If humidity raises above 50% then such habitat is sufficient for bacteria to form and create bad smell. Humidity being above 50% will make dead crickets to smell faster and fruits/veggies will start to rot much faster as well.
How to keep crickets without smell?
Seems like there are quite a lot of reasons why crickets’ container can smell.
Though, don’t you worry – there are only some basic rules you need to follow to make sure that none of the above will happen in your container with live crickets.
To keep crickets from smelling you need to:
- Remove dead crickets from crickets’ container
- Feed crickets with dry food
- Keep crickets’ container dry at all times
- Maintain a proper ventilation inside the container
- Keep hygiene in crickets’ container
Removing Dread Crickets
Hygiene basically covers it all. Hygiene means that if you spot a dead cricket laying at the bottom of the container – you always remove it from the container as soon as possible.
As a side note. In my farm I keep ~2000-4000 crickets in one container. Meaning, it would be hard to notice dead crickets in the container and ever harder to reach them out and remove without disturbing live crickets.
However, even few crickets naturally die and I don’t remove them from my containers, I still don’t have bad smell problems in my farm. That is because dead crickets dry out fast under 90ºF (32ºC) and don’t create bad smell.
So, you should also try to maintain constant and sufficiently high temperature inside your crickets’ container. Hence, even if you won’t spot a dead cricket instantly, it will not create bad smell because it will dry out fast in high temperature.
Feed Crickets with Dry Food
A good solution to avoid food rotting is feeding crickets with dry food.
Actually, in my farm I feed crickets only with dry food to avoid rotting problem (it wouldn’t be acceptable otherwise in a commercial cricket farm). The cricket feed I use is made in Finland. It is specifically created for crickets to get all the needed vitamins to be a nutritious as possible.
To get a feed in retail shops specifically made for crickets can be a challenge. Though, there’s a good workaround. You can use dry cat or dog feed for your crickets. You can also use dry fish food – you can get that at any pet shop. Such feed with have all the nutrients that you crickets will need.
If you will use cat/dog food, you should crush the granules to make it easier for crickets to eat it (no need to make it as flour, just make smaller pieces than the standard cat/dog food granules are).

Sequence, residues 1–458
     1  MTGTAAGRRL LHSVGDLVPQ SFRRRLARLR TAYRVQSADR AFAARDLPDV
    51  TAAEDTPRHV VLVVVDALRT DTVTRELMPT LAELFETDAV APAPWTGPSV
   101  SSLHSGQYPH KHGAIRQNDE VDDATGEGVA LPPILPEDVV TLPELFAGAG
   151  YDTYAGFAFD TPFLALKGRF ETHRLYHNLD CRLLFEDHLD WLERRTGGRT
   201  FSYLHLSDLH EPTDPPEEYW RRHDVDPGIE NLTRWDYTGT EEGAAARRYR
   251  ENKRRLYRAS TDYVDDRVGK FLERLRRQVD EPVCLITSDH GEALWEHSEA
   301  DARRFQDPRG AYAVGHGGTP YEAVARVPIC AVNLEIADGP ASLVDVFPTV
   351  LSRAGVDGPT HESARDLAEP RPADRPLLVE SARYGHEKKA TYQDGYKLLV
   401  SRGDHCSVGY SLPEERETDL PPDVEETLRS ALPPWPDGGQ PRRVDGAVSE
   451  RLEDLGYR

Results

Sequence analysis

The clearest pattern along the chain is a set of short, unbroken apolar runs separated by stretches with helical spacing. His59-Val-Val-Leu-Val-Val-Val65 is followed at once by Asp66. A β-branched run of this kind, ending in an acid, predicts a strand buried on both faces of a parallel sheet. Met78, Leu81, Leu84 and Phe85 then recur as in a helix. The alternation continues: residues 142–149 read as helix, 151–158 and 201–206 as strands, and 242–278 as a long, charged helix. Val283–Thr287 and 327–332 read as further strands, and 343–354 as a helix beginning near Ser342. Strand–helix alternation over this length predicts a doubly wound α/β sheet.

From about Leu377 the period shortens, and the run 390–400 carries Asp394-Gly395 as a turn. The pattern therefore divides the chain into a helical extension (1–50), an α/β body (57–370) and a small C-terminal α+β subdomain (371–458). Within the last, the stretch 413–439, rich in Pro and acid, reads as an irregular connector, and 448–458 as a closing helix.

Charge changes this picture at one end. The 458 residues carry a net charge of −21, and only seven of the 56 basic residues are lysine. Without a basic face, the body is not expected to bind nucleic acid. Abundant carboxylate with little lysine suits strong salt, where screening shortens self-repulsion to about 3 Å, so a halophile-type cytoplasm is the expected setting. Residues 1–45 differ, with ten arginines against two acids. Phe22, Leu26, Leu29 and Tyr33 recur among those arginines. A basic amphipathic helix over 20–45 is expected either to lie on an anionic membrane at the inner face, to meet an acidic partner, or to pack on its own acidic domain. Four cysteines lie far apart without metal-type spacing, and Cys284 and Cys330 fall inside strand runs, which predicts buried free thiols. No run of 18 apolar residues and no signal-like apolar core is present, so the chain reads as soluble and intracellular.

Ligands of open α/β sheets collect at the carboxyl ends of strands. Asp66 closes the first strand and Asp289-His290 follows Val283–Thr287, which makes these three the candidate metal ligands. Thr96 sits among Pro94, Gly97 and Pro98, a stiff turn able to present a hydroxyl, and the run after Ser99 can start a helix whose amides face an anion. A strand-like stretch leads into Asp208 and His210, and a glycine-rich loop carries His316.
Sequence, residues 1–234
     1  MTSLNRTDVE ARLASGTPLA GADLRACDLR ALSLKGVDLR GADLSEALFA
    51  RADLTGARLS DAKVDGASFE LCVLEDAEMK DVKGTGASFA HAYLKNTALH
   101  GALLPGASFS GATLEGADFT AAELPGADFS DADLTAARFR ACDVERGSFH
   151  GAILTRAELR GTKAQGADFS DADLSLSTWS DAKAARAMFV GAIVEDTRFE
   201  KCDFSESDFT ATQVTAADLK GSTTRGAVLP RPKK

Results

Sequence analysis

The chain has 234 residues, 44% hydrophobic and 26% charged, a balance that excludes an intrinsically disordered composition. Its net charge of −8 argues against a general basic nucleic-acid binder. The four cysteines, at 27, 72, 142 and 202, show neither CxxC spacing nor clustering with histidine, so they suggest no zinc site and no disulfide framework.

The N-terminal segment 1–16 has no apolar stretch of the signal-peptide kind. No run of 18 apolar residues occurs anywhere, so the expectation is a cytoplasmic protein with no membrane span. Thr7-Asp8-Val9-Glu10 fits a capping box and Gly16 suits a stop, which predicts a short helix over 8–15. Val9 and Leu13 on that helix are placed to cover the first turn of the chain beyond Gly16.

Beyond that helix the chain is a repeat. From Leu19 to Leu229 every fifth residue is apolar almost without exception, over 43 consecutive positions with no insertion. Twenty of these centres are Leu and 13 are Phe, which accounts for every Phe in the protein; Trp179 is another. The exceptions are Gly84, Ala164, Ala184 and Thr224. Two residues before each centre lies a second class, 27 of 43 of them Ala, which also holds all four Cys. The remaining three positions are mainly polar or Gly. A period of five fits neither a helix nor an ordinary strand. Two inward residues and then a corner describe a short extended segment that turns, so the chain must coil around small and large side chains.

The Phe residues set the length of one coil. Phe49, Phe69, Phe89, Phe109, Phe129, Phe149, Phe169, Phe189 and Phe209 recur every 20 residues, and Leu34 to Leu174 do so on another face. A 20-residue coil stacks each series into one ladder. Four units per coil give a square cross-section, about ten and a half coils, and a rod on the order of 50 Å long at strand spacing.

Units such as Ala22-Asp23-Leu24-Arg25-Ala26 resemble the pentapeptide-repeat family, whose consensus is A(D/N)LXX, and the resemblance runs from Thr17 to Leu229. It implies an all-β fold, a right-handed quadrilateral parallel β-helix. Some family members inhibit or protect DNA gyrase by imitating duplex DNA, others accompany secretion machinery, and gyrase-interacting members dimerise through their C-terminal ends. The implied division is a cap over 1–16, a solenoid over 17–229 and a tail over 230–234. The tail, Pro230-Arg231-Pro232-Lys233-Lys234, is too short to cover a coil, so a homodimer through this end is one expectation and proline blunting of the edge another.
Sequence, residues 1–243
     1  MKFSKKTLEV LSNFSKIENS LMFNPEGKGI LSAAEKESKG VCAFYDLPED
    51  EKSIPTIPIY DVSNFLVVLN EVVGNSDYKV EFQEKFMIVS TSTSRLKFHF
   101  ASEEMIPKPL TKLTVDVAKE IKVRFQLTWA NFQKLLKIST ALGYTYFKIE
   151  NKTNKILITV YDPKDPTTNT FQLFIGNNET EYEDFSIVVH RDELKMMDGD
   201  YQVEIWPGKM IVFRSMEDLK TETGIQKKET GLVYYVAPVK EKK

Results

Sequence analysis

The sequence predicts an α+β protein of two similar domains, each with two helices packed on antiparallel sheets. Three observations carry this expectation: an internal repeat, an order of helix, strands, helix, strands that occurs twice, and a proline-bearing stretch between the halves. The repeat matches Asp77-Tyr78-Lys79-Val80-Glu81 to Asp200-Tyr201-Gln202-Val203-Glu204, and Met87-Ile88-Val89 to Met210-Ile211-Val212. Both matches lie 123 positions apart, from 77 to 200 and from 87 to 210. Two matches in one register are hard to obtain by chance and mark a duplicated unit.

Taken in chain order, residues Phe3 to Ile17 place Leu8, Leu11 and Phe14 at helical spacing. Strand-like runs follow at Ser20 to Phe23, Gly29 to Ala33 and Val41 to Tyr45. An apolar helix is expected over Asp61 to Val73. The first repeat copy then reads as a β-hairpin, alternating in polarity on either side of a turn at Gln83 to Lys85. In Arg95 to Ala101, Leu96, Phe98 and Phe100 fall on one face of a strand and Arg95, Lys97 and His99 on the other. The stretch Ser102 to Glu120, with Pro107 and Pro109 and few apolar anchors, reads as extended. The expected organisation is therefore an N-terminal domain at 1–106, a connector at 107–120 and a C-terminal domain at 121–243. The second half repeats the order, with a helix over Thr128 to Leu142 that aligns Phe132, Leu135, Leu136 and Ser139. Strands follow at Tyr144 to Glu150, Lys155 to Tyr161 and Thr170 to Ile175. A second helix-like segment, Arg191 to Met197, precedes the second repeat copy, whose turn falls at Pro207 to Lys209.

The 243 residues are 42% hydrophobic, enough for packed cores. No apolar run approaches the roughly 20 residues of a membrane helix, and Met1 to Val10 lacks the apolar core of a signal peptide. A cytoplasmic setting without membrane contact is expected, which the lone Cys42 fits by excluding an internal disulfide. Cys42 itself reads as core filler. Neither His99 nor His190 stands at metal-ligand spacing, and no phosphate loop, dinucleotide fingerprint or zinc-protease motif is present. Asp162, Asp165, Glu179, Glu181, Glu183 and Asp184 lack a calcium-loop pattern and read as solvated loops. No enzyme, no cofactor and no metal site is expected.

Also, remember that crickets should have food available at all times.
The only issue with dry food is that it will not provide water to crickets, which is essential for crickets to live. Remember: crickets are living beings requiring food and water same as any other animal.
So, if you will feed crickets with dry food you have to provide water supply as well. There is good solution for that which is called “Water Gel Crystals”. Basically, that material absorbs a lot of water and crickets can eat it. For your low scale cricket container, it will work great. You can find it on Amazon or Ebay.
As mentioned previously, to prevent bad smell, it’s really important to maintain relatively low humidity inside the container with live crickets.
I will repeat: keep humidity at 40-50% at all times!
For tracking reasons, you can get humidity tracker online really cheaply. Simply put it inside the container so you could see humidity level at all times.
But how to keep the humidity low enough?
Ventilation is the answer. You have to make sure that crickets’ habitat has sufficient ventilation. It is hard to know exactly if crickets are provided with enough fresh air or not, but what you can do is to cut holes inside in the lid and add a mesh to prevent crickets from jumping out.
In my other post I explain in more detail how to incorporate a mesh in your container’s lid.
Also, you could use a container with walls not less than 20″ (50 cm) and don’t add lid at all. It will provide sufficient airflow. High walls will prevent crickets from jumping out even when there’s no lid. Actually, in my cricket farm all my containers are without lids to make sure there’s enough ventilation happening inside all containers (which I have in my farm over 200 units).
The more crickets there are in one container, the more humidity will accumulate inside the container.
I noticed that when my containers have 2000-4000 fully grown crickets, then it’s becoming a bit hard to keep humidity below 50%. In that case a small ventilator can be integrated at the below part of a container’s wall. Though, you shouldn’t bother doing, because you probably won’t face such issue if you keep not more than few hundred crickets in one container.
Hygiene Inside Crickets’ Container
Overall, removing dead crickets or taking out rotting food from cricket’s container is part of a general hygiene. Also, you cannot forget a general cleaning as well.
Within time crickets will poo a lot as mentioned previously. So, paper egg cartons and the bottom of the container will be full of crickets’ droppings. Let’s hope you keep the container dry at all times and it doesn’t create bad smell.
Despite, you have to clean the equipment inside the container and container itself from time to time.
You should put crickets in another box and clean crickets’ container with boiling water and a brush (be careful while doing that). You can use bleach as well to sanitize it properly, but I wouldn’t recommend it as crickets can be sensitive to chemicals.
Though, if you decide to use bleach for cleaning purposes, make sure you use enough water to remove any bleach residuals.
I have made a quick guide how to clean the container of your crickets. Check it out here if you’re interested.
To summarize: crickets are not smelly insects. The smell usually appears from the environment crickets live in because it is not taken a proper care. Simply follow my advises I stated above and you will not have stinky crickets. Remember, I run a commercial cricket farm with 200 containers and I don’t have a problem with smelly crickets, so you should at least consider to use my recommendations:)